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Is this the Appin Gun?

‘The Appin Murder’ as it is called, was one of the most notorious and contentious murders in Scottish social and political history.

After the 1745 Jacobite rising (see our Jacobite section), Colin Campbell of Glenure was the Crown factor (representative) appointed to manage the forfeited estate of Ardsheil. He received assistance from James Stewart, the exiled Stewart of Ardsheil’s natural brother and his representative in Appin.

Glenure and James came into conflict over evictions on the Ardshiel estate which James believed he had prevented through a court order. Glenure however managed to have the decision reversed. On 14th May 1752, the day before the evictions were to proceed, Glenure was shot in the back while travelling through the woods of Lettermore on the Appin side of Loch Linnhe.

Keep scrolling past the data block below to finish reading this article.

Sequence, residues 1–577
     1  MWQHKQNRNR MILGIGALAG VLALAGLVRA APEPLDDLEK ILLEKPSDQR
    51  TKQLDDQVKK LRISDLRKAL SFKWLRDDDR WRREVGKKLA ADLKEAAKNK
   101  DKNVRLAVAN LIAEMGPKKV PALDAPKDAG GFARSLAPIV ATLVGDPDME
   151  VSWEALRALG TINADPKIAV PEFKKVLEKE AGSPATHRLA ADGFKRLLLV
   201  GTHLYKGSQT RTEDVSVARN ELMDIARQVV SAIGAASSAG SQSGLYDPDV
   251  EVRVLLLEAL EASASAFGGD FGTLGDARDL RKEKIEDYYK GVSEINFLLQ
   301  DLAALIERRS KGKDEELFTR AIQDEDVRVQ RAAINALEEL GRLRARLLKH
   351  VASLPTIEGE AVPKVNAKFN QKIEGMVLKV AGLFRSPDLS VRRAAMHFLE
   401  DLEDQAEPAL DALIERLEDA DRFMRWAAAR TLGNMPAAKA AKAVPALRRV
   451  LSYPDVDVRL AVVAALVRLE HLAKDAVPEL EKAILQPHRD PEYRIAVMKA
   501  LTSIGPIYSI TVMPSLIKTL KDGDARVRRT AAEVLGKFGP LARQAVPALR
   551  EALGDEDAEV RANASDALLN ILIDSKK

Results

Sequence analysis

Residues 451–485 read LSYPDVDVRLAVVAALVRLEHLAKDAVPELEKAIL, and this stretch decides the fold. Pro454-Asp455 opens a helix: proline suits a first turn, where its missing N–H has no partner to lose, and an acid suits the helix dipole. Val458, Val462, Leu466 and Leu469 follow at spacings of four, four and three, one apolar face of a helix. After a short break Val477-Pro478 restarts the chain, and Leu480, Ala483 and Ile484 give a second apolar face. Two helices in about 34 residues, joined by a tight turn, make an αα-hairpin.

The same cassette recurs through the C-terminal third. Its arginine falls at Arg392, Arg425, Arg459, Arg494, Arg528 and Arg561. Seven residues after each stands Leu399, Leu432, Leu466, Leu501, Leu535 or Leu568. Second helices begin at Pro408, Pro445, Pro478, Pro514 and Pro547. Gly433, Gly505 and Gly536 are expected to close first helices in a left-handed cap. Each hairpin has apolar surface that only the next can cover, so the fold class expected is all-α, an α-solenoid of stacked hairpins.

Traditionally there were three guns in Appin and Glencoe believed capable of Killing Glenure. The one used, a long Spanish gun, was called ‘an t-Slinneanach’. Long after the murder, the gun pictured was discovered in a glen close to Lettermore and identified by the old Laird of Ballachulish as the ‘black gun of misfortune’. It found its way to Dalness House and was ultimately presented to the West Highland Museum.  There are 4 guns in Scotland that are purported to be the Appin murder weapon. This is one.

Find out more about this famous case.